A few, like this Rainbow’s End, even bloomed in the pots.   Sorry, wrong ID.  This is Sheila’s Perfume Rose.

Finally, in April, the new tiller arrived, so we created two new flowerbeds.  The tiller was used to loosen soil down to about three or four inches.   Then we followed the steps in creating a Lasagna Garden.  We added a final step of tilling all the soil, leaves, manure, etc. that was dumped in the bed.

At last, the beds were ready to plant the bushes.  Even though they are still small, the rose bushes have bloomed profusely since planting.

Each bush should grow to three feet wide, so we spread them apart to provide the needed space.

Alnwick by David Austin produces a nice tight rose.  All of the David Austin roses were bare root but survived in the pots.  I specifically chose roses from their list of those that do well in poor soil and also have a noticeable smell.

This Lady of Shalott by David Austin has a different form than many of his.  This one was purchased at Rose Emporium because its scent is wonderful.

Double Delight has long been one of my favorites because it has a strong, wonderful scent.

I’ve wondered if The Lady Gardener by David Austin was mislabeled.

Because this is the color shown on their website.  That one has been a disappointment even though it blooms constantly.  I guess it could be the soil.

Thomas A. Beckett produces a really large amount of blossoms.  Because these bushes need to spend their energy right now on growth of roots and branches, I have been deadheading them.  But I still want to enjoy their aroma inside, so I have bouquets with short stems.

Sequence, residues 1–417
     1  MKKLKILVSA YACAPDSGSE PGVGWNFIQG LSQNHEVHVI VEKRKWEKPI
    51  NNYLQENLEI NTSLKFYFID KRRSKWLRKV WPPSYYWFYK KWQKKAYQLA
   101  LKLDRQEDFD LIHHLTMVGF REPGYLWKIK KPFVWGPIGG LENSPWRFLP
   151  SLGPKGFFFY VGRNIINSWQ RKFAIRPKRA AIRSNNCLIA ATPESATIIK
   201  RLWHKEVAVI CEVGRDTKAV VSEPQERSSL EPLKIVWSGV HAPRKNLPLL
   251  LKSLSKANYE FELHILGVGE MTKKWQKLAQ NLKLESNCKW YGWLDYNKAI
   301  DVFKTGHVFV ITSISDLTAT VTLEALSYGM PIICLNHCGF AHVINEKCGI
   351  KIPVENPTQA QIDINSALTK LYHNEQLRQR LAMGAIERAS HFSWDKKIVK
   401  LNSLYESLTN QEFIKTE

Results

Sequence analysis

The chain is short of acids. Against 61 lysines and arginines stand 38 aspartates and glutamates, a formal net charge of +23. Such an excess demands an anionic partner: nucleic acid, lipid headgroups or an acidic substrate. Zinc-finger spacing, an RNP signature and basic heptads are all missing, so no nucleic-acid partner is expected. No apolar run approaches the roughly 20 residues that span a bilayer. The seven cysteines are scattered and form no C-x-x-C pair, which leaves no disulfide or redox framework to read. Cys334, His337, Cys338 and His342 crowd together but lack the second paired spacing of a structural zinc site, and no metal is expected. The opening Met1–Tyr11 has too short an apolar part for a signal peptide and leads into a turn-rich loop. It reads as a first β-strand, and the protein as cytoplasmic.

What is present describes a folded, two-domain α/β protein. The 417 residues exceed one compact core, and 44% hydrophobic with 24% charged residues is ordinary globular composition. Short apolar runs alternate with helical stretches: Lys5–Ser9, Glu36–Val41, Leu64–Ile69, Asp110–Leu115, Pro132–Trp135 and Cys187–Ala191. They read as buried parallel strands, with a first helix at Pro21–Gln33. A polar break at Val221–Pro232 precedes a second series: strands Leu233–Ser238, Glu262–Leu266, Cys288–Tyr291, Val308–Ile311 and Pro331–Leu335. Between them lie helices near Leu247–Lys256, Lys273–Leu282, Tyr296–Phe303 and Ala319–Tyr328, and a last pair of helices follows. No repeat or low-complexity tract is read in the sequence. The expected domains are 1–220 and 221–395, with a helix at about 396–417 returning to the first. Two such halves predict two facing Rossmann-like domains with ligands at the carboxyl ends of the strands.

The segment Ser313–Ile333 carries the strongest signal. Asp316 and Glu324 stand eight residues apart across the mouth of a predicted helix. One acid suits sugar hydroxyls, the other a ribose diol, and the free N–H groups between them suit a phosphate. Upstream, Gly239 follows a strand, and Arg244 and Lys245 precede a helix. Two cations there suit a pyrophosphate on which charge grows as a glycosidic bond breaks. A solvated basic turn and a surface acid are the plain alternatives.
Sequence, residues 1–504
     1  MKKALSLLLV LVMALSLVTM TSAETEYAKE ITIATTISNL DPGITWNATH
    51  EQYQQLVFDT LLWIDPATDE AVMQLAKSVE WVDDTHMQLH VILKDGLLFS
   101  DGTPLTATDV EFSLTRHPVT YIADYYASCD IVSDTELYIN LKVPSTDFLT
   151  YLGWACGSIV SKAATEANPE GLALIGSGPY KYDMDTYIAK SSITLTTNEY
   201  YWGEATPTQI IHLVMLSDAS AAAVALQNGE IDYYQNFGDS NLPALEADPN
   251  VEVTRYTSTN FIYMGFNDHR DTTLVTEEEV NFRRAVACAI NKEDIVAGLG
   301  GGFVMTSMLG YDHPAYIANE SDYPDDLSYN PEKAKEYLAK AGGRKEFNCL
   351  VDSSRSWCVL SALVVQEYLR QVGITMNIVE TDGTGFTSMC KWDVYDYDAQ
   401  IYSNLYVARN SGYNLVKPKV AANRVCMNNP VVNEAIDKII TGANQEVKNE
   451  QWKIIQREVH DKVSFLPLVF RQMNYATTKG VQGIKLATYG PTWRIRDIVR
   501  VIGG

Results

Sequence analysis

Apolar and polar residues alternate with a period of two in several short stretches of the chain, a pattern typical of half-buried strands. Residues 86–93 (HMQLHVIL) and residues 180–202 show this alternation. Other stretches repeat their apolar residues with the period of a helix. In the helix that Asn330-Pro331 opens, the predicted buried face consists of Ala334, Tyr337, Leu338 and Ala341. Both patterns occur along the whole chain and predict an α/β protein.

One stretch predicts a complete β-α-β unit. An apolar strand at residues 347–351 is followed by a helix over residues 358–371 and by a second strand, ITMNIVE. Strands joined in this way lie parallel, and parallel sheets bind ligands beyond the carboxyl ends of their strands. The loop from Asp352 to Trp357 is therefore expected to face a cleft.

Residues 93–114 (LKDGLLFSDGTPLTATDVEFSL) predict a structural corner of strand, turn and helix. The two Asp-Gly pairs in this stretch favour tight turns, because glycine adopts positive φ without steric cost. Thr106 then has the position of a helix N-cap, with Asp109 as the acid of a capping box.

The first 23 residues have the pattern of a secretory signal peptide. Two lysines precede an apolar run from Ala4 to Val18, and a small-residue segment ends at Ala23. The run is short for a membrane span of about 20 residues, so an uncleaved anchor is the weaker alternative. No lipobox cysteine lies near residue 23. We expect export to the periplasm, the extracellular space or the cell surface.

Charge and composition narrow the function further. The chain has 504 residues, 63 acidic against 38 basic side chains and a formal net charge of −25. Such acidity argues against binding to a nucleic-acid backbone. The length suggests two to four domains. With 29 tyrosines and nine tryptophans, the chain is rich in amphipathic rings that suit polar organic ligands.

A few years ago I bought a couple of antique glass flower frogs from e-bay.  They are heavy and work well if the vase is large enough.

To accommodate these short stems, I put the frog in a shallow dish, filled it with water, and inserted the stems in the holes of the frog.

Now the beauty and the scent of the flowers can be enjoyed inside.

If the stems are a little longer, like Sheila’s Perfume from Breck’s and Double Delight from a local nursery, then a vase with glass marbles will hold them in place.

Just absolutely adore having roses in the house.

“The rose speaks of love silently, in a language known only to the heart.”  unknownSave

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Is It a Rose?

The common or colloquial names of plants can be confusing.

In Texas, these large bushes are known as Rose of Sharon.  The flowers are a give away that it is definitely not a rose, but is, instead, a hibiscus (Hibiscus syriacus).  It is in the mallow family and is native to Asia and India.

Another common name is Althea.  If you want a showy, easy to care for, large bush that is covered in flowers from late spring until late fall, this is your guy.  It thrives in zones 5 to 8 and only needs pruning once a year.  I prune off spend flower casings in late fall or early spring and trim a few branches to keep the natural shape.  Love it every year.

This is commonly called Rock Rose (Pavonia lasiopetala) with flowers that also have a hibiscus look.  This shrub is low growing with branches that spread out.  Another easy, dependable one.  They love the frequent droughts in zones 7 – 9.

Desert Rose (Adenium obesum) is another mystery name.  The swollen bottom part of the trunk is its most unusual feature.  It must be kept at least 50 degrees at all times,  and 60 to 90 degrees is required for it to keep its leaves.

I put mine in a heated shed in the winter where it is probably a little less than 50 degrees.  It loses its leaves and takes a while to produce leaves and flowers each year.  It should be re-potted to a larger pot about every two years.  Not sure how large the pot should be that it stays in permanently.

How did these plants come to be called roses?  Nothing about them looks like roses.  I’ve not been able to find out.

Now, on to real roses.  We’ve lived here 12 years and my first rose plant was a gift.  It was a great surprise to me that it lived and bloomed.  Because all the ones I’ve planted have done so well, I just keep planting more.

In the foreground of this picture is Oso Easy Paprika, which has a wonderful indefinable color.